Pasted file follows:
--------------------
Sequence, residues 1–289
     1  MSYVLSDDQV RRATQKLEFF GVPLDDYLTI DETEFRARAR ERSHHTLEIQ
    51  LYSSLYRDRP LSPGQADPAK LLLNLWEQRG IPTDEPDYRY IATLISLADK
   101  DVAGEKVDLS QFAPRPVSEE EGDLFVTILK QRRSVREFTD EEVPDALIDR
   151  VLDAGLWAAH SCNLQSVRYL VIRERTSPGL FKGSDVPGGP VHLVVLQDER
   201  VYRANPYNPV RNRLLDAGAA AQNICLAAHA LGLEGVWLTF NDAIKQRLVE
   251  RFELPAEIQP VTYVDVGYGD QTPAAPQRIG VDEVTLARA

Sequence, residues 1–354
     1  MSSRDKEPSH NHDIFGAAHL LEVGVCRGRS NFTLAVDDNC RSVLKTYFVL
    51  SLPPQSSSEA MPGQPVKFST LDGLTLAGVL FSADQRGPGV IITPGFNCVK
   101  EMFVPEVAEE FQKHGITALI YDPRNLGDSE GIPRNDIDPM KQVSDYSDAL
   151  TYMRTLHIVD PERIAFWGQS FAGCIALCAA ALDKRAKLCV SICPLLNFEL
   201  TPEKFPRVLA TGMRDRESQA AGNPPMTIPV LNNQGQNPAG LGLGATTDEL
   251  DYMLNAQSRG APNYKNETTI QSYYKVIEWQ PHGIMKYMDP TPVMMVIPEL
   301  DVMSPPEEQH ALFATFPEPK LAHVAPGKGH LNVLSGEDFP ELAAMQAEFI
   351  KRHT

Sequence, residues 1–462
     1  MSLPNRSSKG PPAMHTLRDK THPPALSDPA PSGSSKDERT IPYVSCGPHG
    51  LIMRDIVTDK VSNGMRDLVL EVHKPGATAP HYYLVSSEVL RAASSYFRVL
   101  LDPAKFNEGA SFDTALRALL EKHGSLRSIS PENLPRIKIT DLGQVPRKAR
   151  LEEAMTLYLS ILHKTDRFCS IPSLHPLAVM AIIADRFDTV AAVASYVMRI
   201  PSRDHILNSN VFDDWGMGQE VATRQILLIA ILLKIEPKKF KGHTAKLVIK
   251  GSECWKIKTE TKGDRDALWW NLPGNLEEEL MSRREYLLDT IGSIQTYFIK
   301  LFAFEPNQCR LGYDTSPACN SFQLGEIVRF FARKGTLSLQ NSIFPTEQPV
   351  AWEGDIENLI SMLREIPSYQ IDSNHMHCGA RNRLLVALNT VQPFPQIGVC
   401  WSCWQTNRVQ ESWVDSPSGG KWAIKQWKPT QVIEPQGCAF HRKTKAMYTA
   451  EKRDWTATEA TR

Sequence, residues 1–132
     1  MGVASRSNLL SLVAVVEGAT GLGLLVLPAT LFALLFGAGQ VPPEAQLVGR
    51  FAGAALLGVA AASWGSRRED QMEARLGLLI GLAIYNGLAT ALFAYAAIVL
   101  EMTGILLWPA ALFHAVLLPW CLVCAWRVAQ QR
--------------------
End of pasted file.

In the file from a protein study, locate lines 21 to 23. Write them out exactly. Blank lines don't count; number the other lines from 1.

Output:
   151  LEEAMTLYLS ILHKTDRFCS IPSLHPLAVM AIIADRFDTV AAVASYVMRI
   201  PSRDHILNSN VFDDWGMGQE VATRQILLIA ILLKIEPKKF KGHTAKLVIK
   251  GSECWKIKTE TKGDRDALWW NLPGNLEEEL MSRREYLLDT IGSIQTYFIK